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Following two consecutive months of no change, new home prices were down 0.2 percent across Canada, according to February data from Canada Statistics. This was the first decrease at the Canada level since July 2010. Recent mortgage rate increases along with tighter mortgage regulations are likely contributors to the decline.
Builders in Toronto reduced their prices by 0.6 percent in February, citing unfavourable market conditions. This was the second consecutive decline, and the largest for this census metropolitan area (CMA) in eight years.
Also in the Greater Golden Horseshoe, builders in both Oshawa and Hamilton reported price decreases of 0.1 percent for new houses, while prices in Guelph and Kitchener–Cambridge–Waterloo were unchanged.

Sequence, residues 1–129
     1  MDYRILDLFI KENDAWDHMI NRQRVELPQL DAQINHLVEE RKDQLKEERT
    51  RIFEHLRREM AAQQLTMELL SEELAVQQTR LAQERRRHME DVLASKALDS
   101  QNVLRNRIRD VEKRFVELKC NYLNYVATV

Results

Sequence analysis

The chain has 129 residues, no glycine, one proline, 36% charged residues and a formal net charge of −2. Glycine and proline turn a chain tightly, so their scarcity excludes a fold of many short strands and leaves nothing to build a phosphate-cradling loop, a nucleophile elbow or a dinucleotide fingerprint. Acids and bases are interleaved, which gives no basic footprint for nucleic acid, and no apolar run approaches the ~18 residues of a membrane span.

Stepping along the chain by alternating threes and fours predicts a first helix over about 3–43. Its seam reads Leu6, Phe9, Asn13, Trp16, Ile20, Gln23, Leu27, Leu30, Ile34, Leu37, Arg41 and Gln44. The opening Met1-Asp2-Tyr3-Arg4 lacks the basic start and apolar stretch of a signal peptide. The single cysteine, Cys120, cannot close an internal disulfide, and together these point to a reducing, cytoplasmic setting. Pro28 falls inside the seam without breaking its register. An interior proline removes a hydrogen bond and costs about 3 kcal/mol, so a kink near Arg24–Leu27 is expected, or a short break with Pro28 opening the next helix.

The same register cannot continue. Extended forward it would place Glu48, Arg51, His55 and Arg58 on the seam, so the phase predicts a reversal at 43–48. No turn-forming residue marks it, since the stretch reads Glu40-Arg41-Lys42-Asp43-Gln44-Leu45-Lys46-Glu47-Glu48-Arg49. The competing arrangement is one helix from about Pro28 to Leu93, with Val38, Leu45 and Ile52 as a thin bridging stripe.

All four surveyed CMAs in Alberta and Saskatchewan registered price declines in February. Builders tied the decreases to lower negotiated selling prices. According to the Canada Mortgage and Housing Corporation, the inventory of newly completed and unsold single-family dwellings rose in three of the four CMAs in February 2018 compared with the same month a year earlier. Single-family dwellings include row, single and semi-detached houses.
House prices were unchanged for a second consecutive month in all three CMAs in British Columbia.
Of the six CMAs reporting higher new house prices, Montréal (+0.6 percent) had the largest increase. Builders cited higher construction costs as the main reason for the gain.
Year-over-year comparisons fared better. New home prices rose 2.6 percent year over year in February, with Vancouver (+9.1 percent) and London (+7.1 percent) recording the largest 12-month gains.
New house prices in Toronto increased 2.8 percent year over year.
Among the five CMAs reporting declines, Saskatoon recorded the largest 12-month decrease (-2.0 percent).